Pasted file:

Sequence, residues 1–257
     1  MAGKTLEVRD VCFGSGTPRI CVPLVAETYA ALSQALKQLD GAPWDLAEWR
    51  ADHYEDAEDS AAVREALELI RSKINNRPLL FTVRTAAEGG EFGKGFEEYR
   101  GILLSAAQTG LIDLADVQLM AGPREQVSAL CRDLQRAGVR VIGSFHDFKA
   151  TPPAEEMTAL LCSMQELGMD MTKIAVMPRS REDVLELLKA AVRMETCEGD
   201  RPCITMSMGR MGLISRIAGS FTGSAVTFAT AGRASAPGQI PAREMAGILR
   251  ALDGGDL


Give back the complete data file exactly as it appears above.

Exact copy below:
Sequence, residues 1–257
     1  MAGKTLEVRD VCFGSGTPRI CVPLVAETYA ALSQALKQLD GAPWDLAEWR
    51  ADHYEDAEDS AAVREALELI RSKINNRPLL FTVRTAAEGG EFGKGFEEYR
   101  GILLSAAQTG LIDLADVQLM AGPREQVSAL CRDLQRAGVR VIGSFHDFKA
   151  TPPAEEMTAL LCSMQELGMD MTKIAVMPRS REDVLELLKA AVRMETCEGD
   201  RPCITMSMGR MGLISRIAGS FTGSAVTFAT AGRASAPGQI PAREMAGILR
   251  ALDGGDL